sign uplog in
Want to go ad-free? Find out how, here.

Dutch-owned NZ rural lender sees rise in impairment losses cut deep into profit

Dutch-owned NZ rural lender sees rise in impairment losses cut deep into profit

Rabobank New Zealand booked a big rise in impairment losses in the June quarter as the rural sector continues to struggle with high debt levels.

Rabobank’s General Disclosure Statement for the six months to June shows impairment losses on loans of NZ$35 million.

Although that’s down on the NZ$37.35 million in the same period last year, just NZ$500,000 was recorded in the three months to March, meaning about NZ$35 million came in the June quarter alone.

This meant the bank recorded total comprehensive income after tax of NZ$17.2 million for the six months to June, down from NZ$20.9 million in the three months to March.

The bank’s impaired assets also rose, by NZ$101.3 million to NZ$377.7 million in the six months to June. That represents about 5.4% of the bank’s NZ$6.9 billion total gross loans and advances.

Analysis of Rabobank’s total credit exposures show it has NZ$6.78 billion of its total NZ$7.8 billion in the agriculture, forestry and fishery industries.

There has been concern about rural debt levels for some time. The Reserve Bank confirmed in April it had delayed the implementation of new capital adequacy rules for rural lending by six months until the end of December after banks expressed concerns they could significantly increase lending costs for farmers.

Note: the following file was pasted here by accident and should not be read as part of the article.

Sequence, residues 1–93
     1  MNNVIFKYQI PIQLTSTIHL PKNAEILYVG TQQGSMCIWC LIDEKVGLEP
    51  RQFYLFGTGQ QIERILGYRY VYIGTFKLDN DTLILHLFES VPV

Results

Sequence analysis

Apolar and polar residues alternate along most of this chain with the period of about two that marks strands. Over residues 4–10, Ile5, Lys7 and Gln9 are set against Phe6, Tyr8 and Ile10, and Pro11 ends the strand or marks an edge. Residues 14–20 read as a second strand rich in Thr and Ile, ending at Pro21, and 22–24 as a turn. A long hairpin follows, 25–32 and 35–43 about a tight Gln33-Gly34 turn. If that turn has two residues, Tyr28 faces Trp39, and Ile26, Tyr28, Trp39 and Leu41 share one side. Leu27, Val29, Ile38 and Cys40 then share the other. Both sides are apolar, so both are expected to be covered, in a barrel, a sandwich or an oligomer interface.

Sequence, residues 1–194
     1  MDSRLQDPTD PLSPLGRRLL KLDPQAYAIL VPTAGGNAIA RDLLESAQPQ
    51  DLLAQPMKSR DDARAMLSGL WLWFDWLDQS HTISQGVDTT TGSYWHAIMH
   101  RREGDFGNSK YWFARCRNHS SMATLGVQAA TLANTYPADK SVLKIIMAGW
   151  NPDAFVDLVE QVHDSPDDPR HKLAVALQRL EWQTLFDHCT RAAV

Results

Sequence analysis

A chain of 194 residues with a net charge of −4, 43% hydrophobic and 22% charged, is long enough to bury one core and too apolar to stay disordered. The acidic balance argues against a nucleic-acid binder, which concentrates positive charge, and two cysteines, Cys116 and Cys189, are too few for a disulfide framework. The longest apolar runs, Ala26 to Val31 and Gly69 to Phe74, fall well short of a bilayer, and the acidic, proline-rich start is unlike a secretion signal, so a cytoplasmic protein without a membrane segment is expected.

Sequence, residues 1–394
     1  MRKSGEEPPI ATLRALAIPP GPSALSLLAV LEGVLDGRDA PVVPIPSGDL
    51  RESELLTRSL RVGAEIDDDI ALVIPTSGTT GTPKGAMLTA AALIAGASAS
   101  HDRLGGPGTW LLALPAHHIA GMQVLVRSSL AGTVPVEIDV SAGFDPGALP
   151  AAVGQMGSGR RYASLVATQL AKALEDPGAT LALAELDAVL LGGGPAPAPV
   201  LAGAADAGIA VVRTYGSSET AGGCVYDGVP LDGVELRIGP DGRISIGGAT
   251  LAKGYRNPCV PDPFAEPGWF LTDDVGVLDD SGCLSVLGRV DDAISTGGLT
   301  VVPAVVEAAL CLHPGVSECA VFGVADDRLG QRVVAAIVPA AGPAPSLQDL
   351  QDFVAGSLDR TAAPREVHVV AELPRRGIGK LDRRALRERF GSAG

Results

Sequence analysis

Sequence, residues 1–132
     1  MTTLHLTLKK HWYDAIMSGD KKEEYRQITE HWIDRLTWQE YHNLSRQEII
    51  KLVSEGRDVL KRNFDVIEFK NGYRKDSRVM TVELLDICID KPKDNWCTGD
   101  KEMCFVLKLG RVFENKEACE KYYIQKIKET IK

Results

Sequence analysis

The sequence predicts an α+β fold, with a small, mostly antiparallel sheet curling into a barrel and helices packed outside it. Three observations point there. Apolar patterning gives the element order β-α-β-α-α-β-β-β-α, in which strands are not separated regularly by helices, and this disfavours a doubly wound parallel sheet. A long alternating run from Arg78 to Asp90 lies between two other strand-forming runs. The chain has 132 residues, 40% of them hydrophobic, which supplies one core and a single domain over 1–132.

And Real Estate Institute of New Zealand (REINZ) data for August showed the average land price per hectare for all types of farm sales tumbled by two thirds in just a year, with the number of farms sold in August the second lowest for any one month since REINZ began publicly releasing its data in 2003.

From a peak of NZ$90,125 in August 2009, the average price per hectare of all types of farms fell to just NZ$29,739 in August this year. That's a drop of NZ$60,386, or 67%, with just 48 farms sold during August, including just three dairy farms.

Reserve Bank data out yesterday shows total bank lending to the agricultural sector stood at NZ$47.8 billion at the end of August. That's up 1.9% year-on-year and NZ$156 million month-on-month.

Crafar exposure

Rabobank is one of three lenders to the now in receivership Crafar Farms, alongside Westpac and PGG Wrightson Finance. This exposure could be a factor in its increase in impairment losses. A Rabobank spokeswoman declined to comment.

Mark Darrow, PGG Wrightson Finance’s CEO, recently told that his company’s Crafar exposure was part of the reason for its increase in June year loan impairments to NZ$8.9 million from NZ$2.9 million in the previous year, with an unrealised provision made against the Crafar exposure.

New Zealand's largest family-owned dairy business, the Crafar Farms were placed in receivership last October owing about NZ$216 million to their lenders. understands the PGG Wrightson Finance exposure to be about NZ$8.6 million, leaving the balance with Westpac and Rabobank.